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Aircraft Carriers






Torpedo Boats

Liberty Ships

Foreign Warships

Warships Associated With
World War II in the Pacific


Torpedo Boats


PT Boat 796
PT Boat 796, exterior view of forward deck, Fall River, MA
(Photo by USS Massachusetts Memorial Committee, 1985)

Name:PT Boat 796
Location:Battleship Cove, Fall River, Massachusetts
Owner:PT Boats, Inc.
Condition:Excellent, altered

Displacement:55 tons full load
Length:78 feet
Width:21 feet 6 inches
Range:~500 miles
Speed:44 knots maximum, varying with load and sea conditions
Machinery:3-1,550 HP Packard engines
Armament:2-Mark 13 torpedoes, 2-twin .50 caliber machine guns, 1-twin 20mm machine gun, 1-single 20mm machine gun, 1-single 40mm machine gun [1]

Builder:Higgins Company, New Orleans, Louisiana
Commissioned:July 1945


PT (Patrol, Torpedo) Boat 796 is a Higgins-type torpedo boat built for service in World War II. She was built by the Higgins Company in New Orleans, Louisiana, launched in mid-1945, and commissioned as a unit of PT Squadron 43 in July of that year. Like all American PT boats, 796 (nicknamed "Tailender") was constructed of mahogany and plywood and powered by three 1,550-horsepower Packard engines which used high-octane aviation gasoline as fuel.

PT 796 is in excellent condition and retains its World War II integrity.

PT Boats--General

PT boats, as they were known in World War II, were a British invention, adopted and used by the U.S. Navy. The idea of the PT boat was that of the small, fast--and ultimately, expendable--interdiction ship, armed with torpedoes and machine guns for cutting enemy supply lines, for harassing enemy forces, and for short-range oceanic scouting. American PT boats served during World War II in the Philippines and the Southwestern Pacific areas, in the English Channel, off Normandy, and in the Mediterranean Sea. [2]

There were 43 PT squadrons, with a normal complement of 12 boats. Some 300 PT boaters were killed in World War II, an extremely high loss rate for this comparatively small, elite service. [3]

PT boats were a significant American naval warship type in World War II. They were responsible for numerous enemy losses, in warships, materiel, and personnel. They spawned a number of offshoots - the Japanese "Shinyo" suicide boat; the fast, hydrofoil missile ships of today; and the numerous inshore patrol craft used by many navies of the 1980s. [4]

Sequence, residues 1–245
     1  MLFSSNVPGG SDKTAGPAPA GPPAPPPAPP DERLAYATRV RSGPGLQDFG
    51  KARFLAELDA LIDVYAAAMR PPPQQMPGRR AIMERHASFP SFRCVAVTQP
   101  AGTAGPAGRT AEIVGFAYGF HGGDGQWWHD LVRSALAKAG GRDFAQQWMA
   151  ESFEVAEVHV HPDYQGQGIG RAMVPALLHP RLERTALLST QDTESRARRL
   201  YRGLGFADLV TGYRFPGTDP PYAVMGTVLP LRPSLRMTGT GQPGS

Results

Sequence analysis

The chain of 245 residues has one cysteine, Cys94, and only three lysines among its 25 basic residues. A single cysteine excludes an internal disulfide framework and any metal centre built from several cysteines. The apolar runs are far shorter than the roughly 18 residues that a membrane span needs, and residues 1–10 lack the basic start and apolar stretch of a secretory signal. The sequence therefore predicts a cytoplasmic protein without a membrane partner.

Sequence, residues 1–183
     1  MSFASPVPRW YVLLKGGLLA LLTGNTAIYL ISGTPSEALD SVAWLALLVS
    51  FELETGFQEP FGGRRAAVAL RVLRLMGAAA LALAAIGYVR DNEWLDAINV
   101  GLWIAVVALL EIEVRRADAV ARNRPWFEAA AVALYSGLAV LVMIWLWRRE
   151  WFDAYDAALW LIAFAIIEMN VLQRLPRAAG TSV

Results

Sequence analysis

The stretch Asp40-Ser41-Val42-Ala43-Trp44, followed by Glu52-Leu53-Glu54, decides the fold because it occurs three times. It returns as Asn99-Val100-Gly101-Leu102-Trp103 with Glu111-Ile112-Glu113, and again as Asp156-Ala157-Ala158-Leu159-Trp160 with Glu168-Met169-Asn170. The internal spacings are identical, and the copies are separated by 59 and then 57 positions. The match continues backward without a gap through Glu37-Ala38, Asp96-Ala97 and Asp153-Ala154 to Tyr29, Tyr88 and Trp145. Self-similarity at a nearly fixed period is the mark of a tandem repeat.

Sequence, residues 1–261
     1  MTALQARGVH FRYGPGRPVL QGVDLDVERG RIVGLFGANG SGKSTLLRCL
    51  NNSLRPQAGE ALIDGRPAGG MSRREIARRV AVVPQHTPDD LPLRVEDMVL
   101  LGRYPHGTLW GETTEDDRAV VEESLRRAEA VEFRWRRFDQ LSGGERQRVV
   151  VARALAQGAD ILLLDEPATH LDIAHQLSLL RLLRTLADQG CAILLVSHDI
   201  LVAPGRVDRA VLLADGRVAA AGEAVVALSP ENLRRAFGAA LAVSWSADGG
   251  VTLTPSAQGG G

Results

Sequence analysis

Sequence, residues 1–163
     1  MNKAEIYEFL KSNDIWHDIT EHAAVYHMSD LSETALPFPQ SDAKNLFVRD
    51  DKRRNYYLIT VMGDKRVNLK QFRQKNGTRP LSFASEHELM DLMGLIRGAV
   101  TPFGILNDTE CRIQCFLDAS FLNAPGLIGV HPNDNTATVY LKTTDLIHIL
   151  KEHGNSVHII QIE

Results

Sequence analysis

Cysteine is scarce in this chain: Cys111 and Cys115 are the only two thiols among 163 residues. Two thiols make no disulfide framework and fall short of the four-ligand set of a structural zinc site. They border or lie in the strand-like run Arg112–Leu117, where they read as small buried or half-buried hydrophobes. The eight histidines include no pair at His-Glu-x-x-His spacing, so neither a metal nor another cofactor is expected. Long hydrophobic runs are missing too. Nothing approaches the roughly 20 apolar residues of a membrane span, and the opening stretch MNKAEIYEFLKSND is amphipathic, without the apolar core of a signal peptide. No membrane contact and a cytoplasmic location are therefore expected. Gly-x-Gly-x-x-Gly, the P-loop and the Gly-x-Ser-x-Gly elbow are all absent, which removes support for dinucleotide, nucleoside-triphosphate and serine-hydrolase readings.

At the present time there are four extant PT Boats remaining. PT 617 is now under going restoration and will be displayed opposite PT 796 at Battleship Cove. PT 619 is in very poor condition in Memphis, Tennessee, and has lost most of its World War II integrity. Another PT Boat (Hull number unknown) is in Camp Wythycombe, Oregon, but this boat has no armament and is in need of additional restoration. PT 796, thus is the best representative of this class of warships. PT 796 is in excellent condition and retains her World War II integrity.

PT 796 is also the PT Boat that was used in President Kennedy's Inaugural Parade in January 1961, painted with the numerals "109".


1. USS Massachusetts Memorial Committee, Inc. PT 796-Physical Description (Fall River, Massachusetts: USS Massachusetts Memorial Committee, Inc., 1984), p. 1.

2. Ibid., p. 3.

3. Ibid.

4. Ibid.


Johnson, Frank D. United States PT Boats of World War II. Dorset, England: Blandford Press, 1980.

USS Massachusetts Memorial Committee, PT 796. (Physical Description) Fall River,Massachusetts, 1984.


PT Boat 796 PT Boat 796 PT Boat 796

PT Boat 796

(click on the above photographs for a more detailed view)

SS Jeremiah O'Brien Continue


Last Modified: Fri, Aug 25 2000 12:00:00 pm PDT

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